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Holiday for Almost All

Souvenir Hawkers Driven out of Tian’anmen Square

By Vict, October 4, 2013

The National Day Holiday of China has turned the Tian’anmen Square in Beijing into a vast ocean that flooded by flows of domestic tourists from all over the nation. Like every year before, huge amount of excited tourists take the chance of the long vacation to visit this symbol of the political center of the whole country and place where PRC’s establishment got announced 64 years ago – many of whom with small national flags in hands and red tags on faces.

Tourists flooding Tian’anmen Square

However, the holiday which means celebrating the birth of the nation seems not so celebratable for hawkers who try to sell souvenirs to tourists in Tian’anmen Square and, more importantly, try to avoid getting caught by plainclothes cops.

“I am selling small flags here to earn some dinner money,” said Zhou Ling, a middle aged woman, “It’s easy because a lot of tourists want to buy them, it’s hard because the plainclothes cops would take away all our souvenirs if they see us selling here.”

The cops patrolling around the square every half-hour in duty of maintaining order and cleanness of the place wear plain clothes and seem like common tourists at the first sight. But they will force souvenir hawkers to hand over all commodities if they captured one, claiming that selling without a license and permission violates the city regulation and that the hawkers are damaging the scape of the famous spot.

Hawker selling souvenirs


Hawker selling souvenirs

“I have been doing this since I got laid-off several years ago,” said Yu Xiaotian, another souvenir hawker, “the income is not stable, sometimes you can earn 1000 yuan per day, but if you are not lucky and get locked by them, you end up with nothing.”

Sometimes the plainclothes cops will take away not only all souvenirs but also the hawkers and lock them in a small fenced area at the foot of Tian’anmen gate tower, behind a row of ambulances, police cars and patrol wagons. According to Yu, hawkers locked have to wait to be released by the end of the day when all plainclothes cops are off shift.

Zhou said she has been locked once, “It was terrible, we had no shelter under the loud sun and there wasn’t any supply for food or water. People who are really starving or thirsty have no choice but ask their friends to bring them some.”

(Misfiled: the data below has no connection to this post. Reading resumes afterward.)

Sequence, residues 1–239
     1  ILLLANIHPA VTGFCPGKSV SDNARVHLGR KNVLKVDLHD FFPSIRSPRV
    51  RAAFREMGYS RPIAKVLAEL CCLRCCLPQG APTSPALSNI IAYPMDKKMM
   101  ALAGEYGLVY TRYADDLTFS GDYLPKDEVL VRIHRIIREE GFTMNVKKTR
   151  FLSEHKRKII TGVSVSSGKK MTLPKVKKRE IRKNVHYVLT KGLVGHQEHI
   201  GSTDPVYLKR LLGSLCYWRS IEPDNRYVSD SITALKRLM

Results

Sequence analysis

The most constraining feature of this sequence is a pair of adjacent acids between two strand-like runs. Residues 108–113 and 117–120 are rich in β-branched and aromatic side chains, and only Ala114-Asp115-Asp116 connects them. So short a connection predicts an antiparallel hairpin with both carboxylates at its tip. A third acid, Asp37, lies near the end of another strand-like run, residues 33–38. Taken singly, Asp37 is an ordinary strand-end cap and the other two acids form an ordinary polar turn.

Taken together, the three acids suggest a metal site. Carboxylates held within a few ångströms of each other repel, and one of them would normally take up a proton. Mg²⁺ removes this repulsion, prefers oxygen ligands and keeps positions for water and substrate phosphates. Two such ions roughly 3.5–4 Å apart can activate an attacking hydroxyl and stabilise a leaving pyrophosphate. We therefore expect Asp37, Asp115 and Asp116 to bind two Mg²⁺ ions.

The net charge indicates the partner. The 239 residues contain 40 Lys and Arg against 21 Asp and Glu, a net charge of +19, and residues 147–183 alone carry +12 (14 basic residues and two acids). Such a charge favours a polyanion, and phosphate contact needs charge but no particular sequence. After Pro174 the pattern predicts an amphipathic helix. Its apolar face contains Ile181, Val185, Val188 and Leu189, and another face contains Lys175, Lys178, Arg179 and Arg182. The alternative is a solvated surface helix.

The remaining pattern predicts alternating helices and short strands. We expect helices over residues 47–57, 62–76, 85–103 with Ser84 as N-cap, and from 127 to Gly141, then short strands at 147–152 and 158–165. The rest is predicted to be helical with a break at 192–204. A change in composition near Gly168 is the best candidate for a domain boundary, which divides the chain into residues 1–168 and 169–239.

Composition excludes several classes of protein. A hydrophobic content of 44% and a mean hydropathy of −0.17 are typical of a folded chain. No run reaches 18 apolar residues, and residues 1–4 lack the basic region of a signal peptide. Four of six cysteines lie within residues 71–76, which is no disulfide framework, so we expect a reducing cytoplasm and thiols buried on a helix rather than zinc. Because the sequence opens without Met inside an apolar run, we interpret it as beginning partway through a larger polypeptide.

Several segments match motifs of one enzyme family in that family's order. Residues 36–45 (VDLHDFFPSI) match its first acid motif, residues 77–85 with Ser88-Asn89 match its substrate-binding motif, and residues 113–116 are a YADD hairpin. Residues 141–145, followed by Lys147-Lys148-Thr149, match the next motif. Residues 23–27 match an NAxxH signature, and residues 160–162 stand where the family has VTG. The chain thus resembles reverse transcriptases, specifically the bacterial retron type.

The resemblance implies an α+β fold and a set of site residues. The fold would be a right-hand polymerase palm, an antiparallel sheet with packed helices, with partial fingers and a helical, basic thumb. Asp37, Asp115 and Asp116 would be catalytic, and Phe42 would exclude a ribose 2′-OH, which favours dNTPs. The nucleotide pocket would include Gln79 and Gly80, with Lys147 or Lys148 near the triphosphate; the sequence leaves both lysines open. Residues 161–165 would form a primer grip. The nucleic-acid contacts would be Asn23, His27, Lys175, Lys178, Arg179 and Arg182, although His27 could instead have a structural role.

Hawker cornered by plainclothes vigilantes

Shi, a hawker who refused to tell his given name claimed that he witnessed a young hawker being beaten by the plainclothes cops. He said the young man was around 20, and tried to escape from the fence after getting locked the day before. The plainclothes cops caught him and dragged him into a room, they closed the door but people outside could hear the sound clearly, and they saw young man came out weak and stumbling with bruises on his face and arms. “I was right there in the fence,” said Shi, “soon we all knew it.”

Zhou nodded, “I saw the boy went home yesterday, and he didn’t show up today.” She said that the police in uniforms never take actions, they only issue warnings, “But the plainclothes ones, they are the ones who get violent.”

Hawkers locked behind fences

Yu agreed that plainclothes cops are nightmare to hawkers but she has her own way out. Her husband managed to get in touch with a headman of one cop team through several people in-between, and treated him to a dinner, and the plainclothes cops never caught them afterwards. The dinner cost them 3000 RMB, which she considered really expansive but still worthwhile. “The headman said nothing to his men, but he spared us on one patrol, and everyone in his team knew that we shall not be touched.” Said Yu, “But that’s only one team among the many, you can never feed them all.”

Plainclothes Vigilante

Clock struck 11 am, a team of four men wearing sunglasses, caps and common jackets appeared outside a patrol wagon which parked aside the square, each with an interphone set from collar to one ear.

Hawkers started to pack up and flee from the holiday square drowned in flowers, red flags and rapturous tourists.



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